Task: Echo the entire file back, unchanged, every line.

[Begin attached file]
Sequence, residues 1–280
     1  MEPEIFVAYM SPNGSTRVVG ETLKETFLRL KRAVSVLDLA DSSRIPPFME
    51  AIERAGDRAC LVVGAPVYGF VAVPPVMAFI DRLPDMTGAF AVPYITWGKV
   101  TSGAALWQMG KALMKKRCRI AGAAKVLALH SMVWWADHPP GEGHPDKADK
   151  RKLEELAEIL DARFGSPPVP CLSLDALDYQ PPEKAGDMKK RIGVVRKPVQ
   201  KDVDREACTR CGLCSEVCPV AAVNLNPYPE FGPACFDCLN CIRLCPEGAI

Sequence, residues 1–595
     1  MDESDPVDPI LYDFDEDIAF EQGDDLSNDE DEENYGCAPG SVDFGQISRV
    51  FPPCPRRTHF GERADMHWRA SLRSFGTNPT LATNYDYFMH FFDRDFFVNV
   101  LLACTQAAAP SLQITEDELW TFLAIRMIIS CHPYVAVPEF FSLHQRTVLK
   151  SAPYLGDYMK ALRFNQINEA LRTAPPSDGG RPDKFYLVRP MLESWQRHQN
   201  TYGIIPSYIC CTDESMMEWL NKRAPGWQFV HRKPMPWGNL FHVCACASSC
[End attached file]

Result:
Sequence, residues 1–280
     1  MEPEIFVAYM SPNGSTRVVG ETLKETFLRL KRAVSVLDLA DSSRIPPFME
    51  AIERAGDRAC LVVGAPVYGF VAVPPVMAFI DRLPDMTGAF AVPYITWGKV
   101  TSGAALWQMG KALMKKRCRI AGAAKVLALH SMVWWADHPP GEGHPDKADK
   151  RKLEELAEIL DARFGSPPVP CLSLDALDYQ PPEKAGDMKK RIGVVRKPVQ
   201  KDVDREACTR CGLCSEVCPV AAVNLNPYPE FGPACFDCLN CIRLCPEGAI

Sequence, residues 1–595
     1  MDESDPVDPI LYDFDEDIAF EQGDDLSNDE DEENYGCAPG SVDFGQISRV
    51  FPPCPRRTHF GERADMHWRA SLRSFGTNPT LATNYDYFMH FFDRDFFVNV
   101  LLACTQAAAP SLQITEDELW TFLAIRMIIS CHPYVAVPEF FSLHQRTVLK
   151  SAPYLGDYMK ALRFNQINEA LRTAPPSDGG RPDKFYLVRP MLESWQRHQN
   201  TYGIIPSYIC CTDESMMEWL NKRAPGWQFV HRKPMPWGNL FHVCACASSC